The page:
PRIME MINISTER Prayut Chan-o-cha yesterday defended the right of four of his ministers to join the pro-junta Palang Pracharath Party, saying it was a “private matter” and they were able to do so as long as it did not affect their ability to do their public duty.
The dual role of the ministers both in the government and in Palang Pracharath, which will contest the upcoming election, has prompted concern over the competitive advantage the party may have.
Prayut insisted yesterday that would not be the case in his administration.
“The four ministers are not key decision-makers in the Cabinet. Decisions are made collectively by the whole Cabinet, which also has deputy prime ministers and a prime minister,” Prayut said.
The government would not give any particular group an advantage over the others, he said, stressing that it only worked to serve the public interest.
Following their controversial debuts, there have been calls for the four ministers to resign their ministerial posts. It would be the right thing to do, critics, say, even though the law does not require them to.
Prayut, who is also the junta chief, questioned yesterday whether the ministers were obliged by the law to relinquish their Cabinet positions and also questioned whether previous governments had done the same.
His comments came after four ministers – Industry Minister Uttama Savanayon, Commerce Minister Sontirat Sontijirawong, Minister attached to PM’s office Kobsak Pootrakul, and Science and Technology Minister Suvit Maesincee – appeared as executive members of the pro-junta Palang Pracharath Party.
Speculation is that the party has been formed specifically to support Prayut in the next election. The junta head, however, has divulged nothing about his political ambitions.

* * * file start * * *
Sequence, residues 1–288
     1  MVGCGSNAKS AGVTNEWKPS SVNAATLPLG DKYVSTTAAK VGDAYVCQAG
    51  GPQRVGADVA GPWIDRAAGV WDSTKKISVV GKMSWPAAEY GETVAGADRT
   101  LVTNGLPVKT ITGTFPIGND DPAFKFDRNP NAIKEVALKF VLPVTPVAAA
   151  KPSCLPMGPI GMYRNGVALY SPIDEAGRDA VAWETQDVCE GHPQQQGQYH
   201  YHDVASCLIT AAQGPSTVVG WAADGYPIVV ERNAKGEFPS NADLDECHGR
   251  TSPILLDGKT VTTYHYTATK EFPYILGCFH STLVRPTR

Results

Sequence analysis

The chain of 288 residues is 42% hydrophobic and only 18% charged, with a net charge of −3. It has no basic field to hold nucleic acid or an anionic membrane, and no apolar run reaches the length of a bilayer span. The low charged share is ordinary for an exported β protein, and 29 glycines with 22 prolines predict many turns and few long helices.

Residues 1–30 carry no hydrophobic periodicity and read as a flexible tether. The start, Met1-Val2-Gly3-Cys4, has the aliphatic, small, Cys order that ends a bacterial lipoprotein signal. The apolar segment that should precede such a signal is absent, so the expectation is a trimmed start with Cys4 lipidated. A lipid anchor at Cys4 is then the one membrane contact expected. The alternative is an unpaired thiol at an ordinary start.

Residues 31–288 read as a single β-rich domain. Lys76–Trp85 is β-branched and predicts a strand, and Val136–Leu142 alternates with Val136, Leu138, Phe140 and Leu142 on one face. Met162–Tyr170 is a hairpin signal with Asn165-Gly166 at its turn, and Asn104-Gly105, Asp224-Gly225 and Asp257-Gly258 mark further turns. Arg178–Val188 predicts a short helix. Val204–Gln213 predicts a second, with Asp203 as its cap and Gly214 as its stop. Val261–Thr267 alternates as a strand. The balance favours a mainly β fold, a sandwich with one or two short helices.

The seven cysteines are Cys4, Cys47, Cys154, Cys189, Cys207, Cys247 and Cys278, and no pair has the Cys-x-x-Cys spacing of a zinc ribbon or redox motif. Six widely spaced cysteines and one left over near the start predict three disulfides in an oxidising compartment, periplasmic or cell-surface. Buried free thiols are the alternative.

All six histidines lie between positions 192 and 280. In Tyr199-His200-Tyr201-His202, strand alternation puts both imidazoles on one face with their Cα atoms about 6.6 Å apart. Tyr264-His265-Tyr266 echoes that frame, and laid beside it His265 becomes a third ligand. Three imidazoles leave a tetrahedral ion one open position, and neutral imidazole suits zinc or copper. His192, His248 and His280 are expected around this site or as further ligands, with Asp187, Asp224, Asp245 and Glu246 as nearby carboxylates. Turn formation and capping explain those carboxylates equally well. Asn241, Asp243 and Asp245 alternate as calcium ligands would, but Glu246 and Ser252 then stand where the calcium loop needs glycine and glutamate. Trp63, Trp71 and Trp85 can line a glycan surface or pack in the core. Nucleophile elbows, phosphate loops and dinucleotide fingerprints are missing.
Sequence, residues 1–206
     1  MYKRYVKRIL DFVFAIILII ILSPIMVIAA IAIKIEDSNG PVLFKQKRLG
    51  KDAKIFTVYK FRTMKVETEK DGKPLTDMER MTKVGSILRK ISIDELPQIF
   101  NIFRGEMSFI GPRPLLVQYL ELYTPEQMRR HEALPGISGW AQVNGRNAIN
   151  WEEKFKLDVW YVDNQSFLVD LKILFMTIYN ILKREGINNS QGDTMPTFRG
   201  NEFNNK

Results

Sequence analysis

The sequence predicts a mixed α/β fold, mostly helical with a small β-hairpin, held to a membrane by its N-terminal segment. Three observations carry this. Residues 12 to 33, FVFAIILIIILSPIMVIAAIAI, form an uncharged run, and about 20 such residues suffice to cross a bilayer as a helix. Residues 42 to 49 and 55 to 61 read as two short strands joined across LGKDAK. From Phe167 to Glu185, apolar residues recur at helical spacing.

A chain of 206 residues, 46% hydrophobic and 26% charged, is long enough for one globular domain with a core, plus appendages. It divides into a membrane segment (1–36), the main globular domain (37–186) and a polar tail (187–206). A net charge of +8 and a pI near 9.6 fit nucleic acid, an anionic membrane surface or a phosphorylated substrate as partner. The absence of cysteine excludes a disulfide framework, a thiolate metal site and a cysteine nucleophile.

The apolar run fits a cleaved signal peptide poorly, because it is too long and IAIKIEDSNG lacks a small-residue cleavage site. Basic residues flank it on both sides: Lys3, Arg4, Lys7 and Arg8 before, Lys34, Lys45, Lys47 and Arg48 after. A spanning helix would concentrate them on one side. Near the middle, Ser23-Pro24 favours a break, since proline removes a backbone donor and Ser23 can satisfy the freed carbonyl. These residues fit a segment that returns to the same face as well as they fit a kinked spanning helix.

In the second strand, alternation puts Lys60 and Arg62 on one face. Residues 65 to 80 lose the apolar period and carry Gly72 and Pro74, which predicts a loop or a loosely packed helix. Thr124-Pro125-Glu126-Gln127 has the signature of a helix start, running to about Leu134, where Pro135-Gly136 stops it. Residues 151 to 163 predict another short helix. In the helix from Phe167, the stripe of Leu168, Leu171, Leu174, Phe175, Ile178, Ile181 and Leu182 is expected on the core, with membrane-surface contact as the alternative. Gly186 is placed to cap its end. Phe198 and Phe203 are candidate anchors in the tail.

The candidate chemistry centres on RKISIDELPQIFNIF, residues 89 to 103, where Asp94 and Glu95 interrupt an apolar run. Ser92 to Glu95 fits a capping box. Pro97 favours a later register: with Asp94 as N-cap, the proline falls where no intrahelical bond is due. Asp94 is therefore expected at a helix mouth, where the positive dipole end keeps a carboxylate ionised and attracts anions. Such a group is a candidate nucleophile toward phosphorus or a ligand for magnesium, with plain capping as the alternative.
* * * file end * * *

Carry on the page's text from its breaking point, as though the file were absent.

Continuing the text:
Meanwhile, Commerce Minister Sontirat, now also secretary-general of Palang Pracharath, said yesterday that Prayut had only advised those joining politics to be careful about their work.
Some observers have warned it would be inappropriate if the four ministers went on mobile Cabinet trips as these could help them gain popularity while other politicians remained under political restrictions. Sontirat said that PM Prayut had not mentioned such matters.
However, he did add that he was deliberating over whether or not to join mobile Cabinet trips.
Sontirat declined to say when he would step down from power amid pressure calling on him to do so. He said he had already made up his mind on the exact timing but asked that others respect his decision.
He did, however, admit that it was more difficult for him to keep working in his current position.
“To not work would be easier. To be in this situation and still have to work is difficult. I have to prove myself a lot,” Sontirat said.
But he was in good spirits, he said, as Prayut had made clear that the four ministers did not have to resign, even though they had taken up roles in a political party.